The timber machines well and has good dimensional stability, made good weatherboards back in the day.
    Three lengths were then dry fit to length port and starboard.

    IMG-4975.jpgIMG-4986.jpg

    The stringer was then laminated ( epoxy, 403 filler ) in place against the frames with a thin plastic barrier between frame and stringer.
    When the epoxy reached a green state, kind of like hard chewing gum, I removed the stringer and using a sharp chisel paired most of the epoxy from the surface of the timber.
    The stringers were then finished using the belt sander and sanding block once the epoxy had hardened.
    In this case there was minimal spring back due to the shallow arc of the stringer.
    In the above right photo the stringers are just sitting in place with no clamps or fixings.

    IMG-4985.jpg

    The top and back edges between the frames were finished off with a 1/8 radius round over bit and the lower front edge was given the edge bead treatment.
    The stringers will be temporarily fastened until the knees are fit then removed and epoxy sealed before permanent fixing.
    Last edited by Mike1902; 05-31-2021 at 04:19 AM.

  26. #411
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    Default Re: The believed abstraction of a 12 foot clinker dinghy.

    Really good, Mike. You're making good use of recycled native timbers, and lucky to get them, I'd say. Your dinghy is fortunate in its owner.

    Cheers,
    Ian
    Old Joke: ‘A bench fitter works to the nearest thousandth of an inch. A loco fitter (steam) works to the nearest inch. A shipwright works to the nearest ship’.”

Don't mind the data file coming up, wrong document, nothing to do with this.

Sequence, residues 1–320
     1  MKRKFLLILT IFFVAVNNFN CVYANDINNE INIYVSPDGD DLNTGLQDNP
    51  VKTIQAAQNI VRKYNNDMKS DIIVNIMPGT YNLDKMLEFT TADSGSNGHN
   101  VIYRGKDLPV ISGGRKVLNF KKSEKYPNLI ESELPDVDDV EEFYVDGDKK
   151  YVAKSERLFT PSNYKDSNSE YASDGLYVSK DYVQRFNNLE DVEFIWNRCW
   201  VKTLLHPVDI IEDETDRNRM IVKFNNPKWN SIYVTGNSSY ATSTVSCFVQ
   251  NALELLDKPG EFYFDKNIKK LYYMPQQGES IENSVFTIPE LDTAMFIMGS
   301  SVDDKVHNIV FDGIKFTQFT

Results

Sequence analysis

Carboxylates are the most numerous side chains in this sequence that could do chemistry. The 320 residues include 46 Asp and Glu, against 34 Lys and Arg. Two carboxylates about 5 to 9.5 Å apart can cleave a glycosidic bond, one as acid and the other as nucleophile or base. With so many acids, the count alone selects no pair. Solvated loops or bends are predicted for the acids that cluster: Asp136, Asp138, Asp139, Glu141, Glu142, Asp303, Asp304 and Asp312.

Alan Byde, Canoe Design and Construction, Pelham Books, 1978

    “...old maxim, 'A fair line supersedes any given measurement'.”
    Allan H. Vaitses, Lofting, International Marine, 1980

  27. #412
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    Default Re: The believed abstraction of a 12 foot clinker dinghy.

    Lovley!
    The CB-case goes along nicely with the bulkheads too.
    I can allready imagine that the looks of your dinghy will be a blast when finished!
    Coat 3 on at my CH21 two more to go and sanding sanding sanding ;-)

  28. #413
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    Default Re: The believed abstraction of a 12 foot clinker dinghy.

    Quote Originally Posted by IanMilne View Post
    Really good, Mike. You're making good use of recycled native timbers, and lucky to get them, I'd say. Your dinghy is fortunate in its owner.

    Cheers,
    Ian
    Thanks Ian, I have been collecting more timber of late, mostly Rimu but a bit of Matai and a touch of Kauri.
    The racks are full and I'm fast running out of floor space but it's hard to see good timber going to waste.

    IMG-5001.jpgIMG-5003.jpg

    The Rimu paneling came out of a mates house, 200 x 17 x 1.8 m about 30 lengths, he said take it away, it would save him the dump fees.

    Quote Originally Posted by Max F View Post
    Lovley!
    The CB-case goes along nicely with the bulkheads too.
    I can allready imagine that the looks of your dinghy will be a blast when finished!
    Coat 3 on at my CH21 two more to go and sanding sanding sanding ;-)
    Thanks Max, The dinghy is starting to look a little more nautical. I can see a fair amount of painting in my future too and I'm actually looking forward to it.
    The hull paint will contrast nicely with the brightwork.

    Cheers,
    Mike.
    Last edited by Mike1902; 06-01-2021 at 03:44 AM.

  29. #414
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    Default Re: The believed abstraction of a 12 foot clinker dinghy.

    I have made up a few knee patterns, shaping the foot and the outboard edge to seat against the stringer and frame respectively.

    IMG-5006.jpgIMG-5007.jpg